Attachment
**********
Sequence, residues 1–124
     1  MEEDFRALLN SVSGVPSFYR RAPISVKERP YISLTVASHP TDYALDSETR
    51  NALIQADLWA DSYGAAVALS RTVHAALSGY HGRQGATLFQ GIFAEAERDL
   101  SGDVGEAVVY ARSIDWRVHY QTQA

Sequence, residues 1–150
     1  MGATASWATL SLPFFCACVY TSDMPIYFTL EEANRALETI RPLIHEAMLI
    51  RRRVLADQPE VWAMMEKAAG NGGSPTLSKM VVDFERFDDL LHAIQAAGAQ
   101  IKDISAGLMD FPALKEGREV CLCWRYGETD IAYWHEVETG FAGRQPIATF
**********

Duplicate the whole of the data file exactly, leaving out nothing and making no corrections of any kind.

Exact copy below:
Sequence, residues 1–124
     1  MEEDFRALLN SVSGVPSFYR RAPISVKERP YISLTVASHP TDYALDSETR
    51  NALIQADLWA DSYGAAVALS RTVHAALSGY HGRQGATLFQ GIFAEAERDL
   101  SGDVGEAVVY ARSIDWRVHY QTQA

Sequence, residues 1–150
     1  MGATASWATL SLPFFCACVY TSDMPIYFTL EEANRALETI RPLIHEAMLI
    51  RRRVLADQPE VWAMMEKAAG NGGSPTLSKM VVDFERFDDL LHAIQAAGAQ
   101  IKDISAGLMD FPALKEGREV CLCWRYGETD IAYWHEVETG FAGRQPIATF